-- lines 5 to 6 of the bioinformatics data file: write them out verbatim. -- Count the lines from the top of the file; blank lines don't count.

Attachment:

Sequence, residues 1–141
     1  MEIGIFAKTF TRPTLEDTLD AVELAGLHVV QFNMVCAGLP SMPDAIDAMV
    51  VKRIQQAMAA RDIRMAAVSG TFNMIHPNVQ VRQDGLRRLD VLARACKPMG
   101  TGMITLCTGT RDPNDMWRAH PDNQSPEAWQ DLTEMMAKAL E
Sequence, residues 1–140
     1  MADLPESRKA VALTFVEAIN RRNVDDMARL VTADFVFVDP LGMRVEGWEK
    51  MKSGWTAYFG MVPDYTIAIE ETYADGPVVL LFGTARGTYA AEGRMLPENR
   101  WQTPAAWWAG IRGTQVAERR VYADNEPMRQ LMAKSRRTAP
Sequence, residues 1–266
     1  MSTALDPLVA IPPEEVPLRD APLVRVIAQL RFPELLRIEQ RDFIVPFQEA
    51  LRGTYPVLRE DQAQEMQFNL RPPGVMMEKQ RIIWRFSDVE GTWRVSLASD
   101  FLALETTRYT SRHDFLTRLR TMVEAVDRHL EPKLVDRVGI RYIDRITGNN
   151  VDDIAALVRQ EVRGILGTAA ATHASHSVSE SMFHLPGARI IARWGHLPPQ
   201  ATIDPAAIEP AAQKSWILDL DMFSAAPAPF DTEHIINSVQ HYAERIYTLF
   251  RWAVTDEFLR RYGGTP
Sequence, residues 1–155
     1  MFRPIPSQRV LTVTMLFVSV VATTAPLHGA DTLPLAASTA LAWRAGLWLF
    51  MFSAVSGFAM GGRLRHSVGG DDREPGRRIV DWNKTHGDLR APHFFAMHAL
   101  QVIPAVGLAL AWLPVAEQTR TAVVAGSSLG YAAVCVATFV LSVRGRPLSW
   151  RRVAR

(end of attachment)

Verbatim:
Sequence, residues 1–140
     1  MADLPESRKA VALTFVEAIN RRNVDDMARL VTADFVFVDP LGMRVEGWEK